A Lifetime Of Supporting Tottenham – Earliest Memory


That Penalty – Blanchflower In 1962 FA Cup Final – my earliest memory. [Photo: Logan Holmes]This is a personal diary of 49 years of supporting Tottenham. As I wrote yesterday, the win over Forest on 28th December 1964 marked the start of my lifetime of following Spurs but strangely it’s not my earliest memory of Tottenham, that came a few years earlier.

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A Lifetime of Supporting Tottenham – In The Beginning: Read more

I became hooked on Tottenham that day in 1964 and have never been released. I missed the glory, glory years of Bill Nicholson’s ‘Double’ team but my first memory of Spurs goes back to just over two years earlier and the 1962 FA Cup Final.

Tottenham The Glory Glory Game by Spurs Writers Club

As I recounted in the book, Tottenham The Glory, Glory Game by the Spurs’ Writers’ Club produced under the editorship of the esteemed writer and former Chief Football writer with the Daily Express, Norman Giller, I can remember watching Tottenham triumph over Burnley at Wembley to retain the trophy they’d won as part of the ‘double’ success the previous year.

5th May, 1962

It was in a furniture store in Belfast as my parents selected a dining room suite that I watched part of the game on a black and white television set along with a couple of the shop assistants. Coming from Northern Ireland the presence of Danny Blanchflower in the Spurs team and Jimmy McIlroy for Burnley gave the game added local interest.

My recollection of Danny Blanchflower calmly scoring the third goal from the penalty spot to secure Tottenham’s victory may come more from the photograph I have of the goal rather than from actually watching it that day but it’s there locked in my mind while many other things from that time as a nine-year old are long gone.

Taking the extract from Glory, Glory Tottenham Hotspur, I wrote,

‘Tottenham won the Cup, the dining room suite was purchased and I went home with no more interest in football than I’d had when I’d wakened that morning. Unbeknown to me, however, a tiny ‘seed’ of Tottenham Hotspur had been sown deep in the dark recesses of my mind but it would be like a very slow growing plant which would need nourishment and take some considerable time to develop.

The ‘seed’ lay dormant for over two years and so I missed out on the European campaign which culminated in that wonderful evening in Rotterdam in May, 1963 when Spurs became the first British club to win a European trophy as they demolished Atletico Madrid by five goals to one in the final of the European Cup Winners‘ Cup

That Photograph – Spurs in the summer of 1964. [Photo: Logan Holmes]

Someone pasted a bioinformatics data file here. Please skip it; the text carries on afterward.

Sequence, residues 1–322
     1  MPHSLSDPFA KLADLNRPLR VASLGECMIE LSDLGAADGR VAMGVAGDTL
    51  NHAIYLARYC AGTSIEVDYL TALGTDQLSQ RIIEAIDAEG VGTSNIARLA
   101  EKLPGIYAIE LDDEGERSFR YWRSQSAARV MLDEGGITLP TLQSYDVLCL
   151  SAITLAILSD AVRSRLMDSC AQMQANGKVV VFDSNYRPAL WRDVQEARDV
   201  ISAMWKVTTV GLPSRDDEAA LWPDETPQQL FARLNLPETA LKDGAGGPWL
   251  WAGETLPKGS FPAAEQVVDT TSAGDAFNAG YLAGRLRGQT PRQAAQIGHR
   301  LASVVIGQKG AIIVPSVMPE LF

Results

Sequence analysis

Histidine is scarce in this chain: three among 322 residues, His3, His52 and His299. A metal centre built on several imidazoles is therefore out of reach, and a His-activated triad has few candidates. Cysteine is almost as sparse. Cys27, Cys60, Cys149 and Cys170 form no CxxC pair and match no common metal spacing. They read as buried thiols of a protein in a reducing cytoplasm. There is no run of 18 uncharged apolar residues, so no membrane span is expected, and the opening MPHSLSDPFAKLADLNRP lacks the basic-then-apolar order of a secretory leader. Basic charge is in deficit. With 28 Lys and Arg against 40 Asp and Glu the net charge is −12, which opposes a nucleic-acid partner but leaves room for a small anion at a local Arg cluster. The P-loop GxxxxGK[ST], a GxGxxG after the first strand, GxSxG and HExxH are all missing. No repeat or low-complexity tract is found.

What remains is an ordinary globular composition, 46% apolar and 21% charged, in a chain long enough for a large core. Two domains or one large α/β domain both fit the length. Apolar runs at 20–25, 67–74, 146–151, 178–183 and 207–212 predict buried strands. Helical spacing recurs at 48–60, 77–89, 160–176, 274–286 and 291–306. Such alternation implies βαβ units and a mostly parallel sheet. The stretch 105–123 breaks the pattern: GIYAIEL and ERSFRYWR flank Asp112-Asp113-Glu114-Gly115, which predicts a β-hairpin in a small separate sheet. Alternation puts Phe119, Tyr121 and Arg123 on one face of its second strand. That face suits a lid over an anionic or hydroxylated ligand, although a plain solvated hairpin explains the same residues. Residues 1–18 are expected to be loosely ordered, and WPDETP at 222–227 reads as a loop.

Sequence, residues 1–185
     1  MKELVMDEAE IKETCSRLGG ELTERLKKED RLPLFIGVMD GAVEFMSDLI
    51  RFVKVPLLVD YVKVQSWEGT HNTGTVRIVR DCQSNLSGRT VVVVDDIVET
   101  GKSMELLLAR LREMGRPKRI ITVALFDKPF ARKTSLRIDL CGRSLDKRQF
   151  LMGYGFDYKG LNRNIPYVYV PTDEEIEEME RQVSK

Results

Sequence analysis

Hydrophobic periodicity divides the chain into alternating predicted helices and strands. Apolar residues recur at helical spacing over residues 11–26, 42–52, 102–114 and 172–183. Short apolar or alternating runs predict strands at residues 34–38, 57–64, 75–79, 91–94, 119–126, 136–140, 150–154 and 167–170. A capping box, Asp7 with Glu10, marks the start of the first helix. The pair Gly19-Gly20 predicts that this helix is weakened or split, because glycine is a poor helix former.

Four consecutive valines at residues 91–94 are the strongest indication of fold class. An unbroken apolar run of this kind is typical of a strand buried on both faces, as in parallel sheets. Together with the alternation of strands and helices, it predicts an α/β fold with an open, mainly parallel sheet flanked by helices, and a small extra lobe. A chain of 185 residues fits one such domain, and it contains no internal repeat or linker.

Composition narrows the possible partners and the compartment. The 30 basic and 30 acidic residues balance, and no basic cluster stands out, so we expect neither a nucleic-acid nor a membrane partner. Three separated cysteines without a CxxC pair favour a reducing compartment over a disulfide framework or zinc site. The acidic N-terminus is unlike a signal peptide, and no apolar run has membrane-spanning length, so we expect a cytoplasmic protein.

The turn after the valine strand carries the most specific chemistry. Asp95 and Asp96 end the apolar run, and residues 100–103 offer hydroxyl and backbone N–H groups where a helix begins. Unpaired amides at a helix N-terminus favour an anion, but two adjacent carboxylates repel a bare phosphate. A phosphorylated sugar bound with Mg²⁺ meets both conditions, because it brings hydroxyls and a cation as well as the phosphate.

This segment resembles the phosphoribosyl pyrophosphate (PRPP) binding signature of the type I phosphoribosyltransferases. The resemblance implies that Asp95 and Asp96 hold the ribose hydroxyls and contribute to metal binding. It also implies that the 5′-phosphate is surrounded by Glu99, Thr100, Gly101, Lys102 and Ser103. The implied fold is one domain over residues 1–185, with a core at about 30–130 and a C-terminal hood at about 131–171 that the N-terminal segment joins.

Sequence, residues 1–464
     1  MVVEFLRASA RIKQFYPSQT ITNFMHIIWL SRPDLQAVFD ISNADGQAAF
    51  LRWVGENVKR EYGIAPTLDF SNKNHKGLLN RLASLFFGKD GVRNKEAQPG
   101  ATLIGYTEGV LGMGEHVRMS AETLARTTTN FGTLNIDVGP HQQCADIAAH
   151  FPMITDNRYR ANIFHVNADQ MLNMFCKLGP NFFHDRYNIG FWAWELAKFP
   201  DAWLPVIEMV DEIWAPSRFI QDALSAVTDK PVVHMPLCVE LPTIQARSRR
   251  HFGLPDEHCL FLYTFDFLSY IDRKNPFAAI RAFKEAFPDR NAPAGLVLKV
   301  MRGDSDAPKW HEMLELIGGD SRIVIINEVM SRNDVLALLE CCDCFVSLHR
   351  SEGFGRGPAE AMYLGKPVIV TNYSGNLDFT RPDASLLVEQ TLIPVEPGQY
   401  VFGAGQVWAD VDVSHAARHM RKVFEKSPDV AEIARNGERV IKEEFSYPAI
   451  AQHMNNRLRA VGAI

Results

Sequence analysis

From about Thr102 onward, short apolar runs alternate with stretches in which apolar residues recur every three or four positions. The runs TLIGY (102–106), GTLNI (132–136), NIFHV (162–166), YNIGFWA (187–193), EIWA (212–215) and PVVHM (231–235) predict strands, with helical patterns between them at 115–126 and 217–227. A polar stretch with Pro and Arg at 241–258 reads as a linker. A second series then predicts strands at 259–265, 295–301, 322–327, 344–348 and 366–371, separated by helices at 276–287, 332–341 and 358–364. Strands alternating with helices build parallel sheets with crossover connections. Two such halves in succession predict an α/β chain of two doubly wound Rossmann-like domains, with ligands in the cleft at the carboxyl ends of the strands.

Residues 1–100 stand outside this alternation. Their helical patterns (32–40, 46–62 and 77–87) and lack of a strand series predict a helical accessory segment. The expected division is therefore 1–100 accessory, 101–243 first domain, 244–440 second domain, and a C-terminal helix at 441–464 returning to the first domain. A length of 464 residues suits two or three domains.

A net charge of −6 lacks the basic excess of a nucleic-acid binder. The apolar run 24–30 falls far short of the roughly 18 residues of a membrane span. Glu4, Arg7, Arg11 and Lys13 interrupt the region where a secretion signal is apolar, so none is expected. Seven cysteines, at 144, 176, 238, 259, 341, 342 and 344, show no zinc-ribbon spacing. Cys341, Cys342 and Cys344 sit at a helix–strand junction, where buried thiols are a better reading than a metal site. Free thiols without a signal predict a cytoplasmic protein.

In the summer of 1964, the Tottenham ‘seed’ received a little nurturing. While on holiday in the south of England, for some unaccountable reason, I tore a photograph of the Spurs squad from my uncle’s copy of the Daily Express and took it home with me. The article which accompanied the picture detailed how Spurs’ fortunes had changed in the previous couple of years. 

Harry Langton wrote, ‘The club was on top of the world two years ago as F.A. Cup winners for the second successive year and European Cup semi-finalists. They were still top fourteen months ago when they won the European Cup Winners’ Cup. Since then there have been few joys for Spurs.‘  

He went on to detail the injuries to Terry Medwin and Dave Mackay, the retirement of Danny Blanchflower, the departure of Bobby Smith and the tragic loss of the late John White but despite those set-backs, he reported that Spurs were looking forward to the new season with optimism.

My collection of Tottenham memorabilia had started but that was it – a photograph. The following December when the BBC news showed the goals from the Christmas fixtures it was Tottenham’s win over Nottingham Forest at White Hart Lane which stirred my interest again.’

I was hooked and have never been released. As I noted yesterday, following Tottenham affects your whole life – mood swings related to the club’s success or failure, arranging outings and family events around Spurs games and now that I’m retired taking hoiidays and short breaks during the internationals so as not to miss a Tottenham game. Even yesterday, I was able to take my wife on a post-Christmas treat of afternoon tea in a Belfast hotel as the Spurs game had been re-arranged for this afternoon – we’ll have to go out early for today’s walk, weather permitting.

Stoke Next

As I wrote in the preview for the West Brom game, a win for Tottenham is essential to keep them in touch with the other top teams. Having failed to achieve that on Boxing Day, it is even more important this afternoon or the Spurs season is going to be over especially with a trip to Old Trafford on New Year’s Day. United are now 3 points ahead of us and we’re 5 behind Liverpool in 4th place. There’s no room for anymore slip ups from Tim Sherwood’s team.

My biggest concern about Stoke’s visit today is their 5 – 1 thrashing at Newcastle on Thursday. You just know that Mark Hughes will have read the riot act to his players and demanded a response and that they ‘ll battle and defend as if their lives depended on it. It’s happened so often before but will Spurs manage to overcome their dogged determination?

Let’s hope so.


Make this your personal diary: What is your earliest memory of Spurs?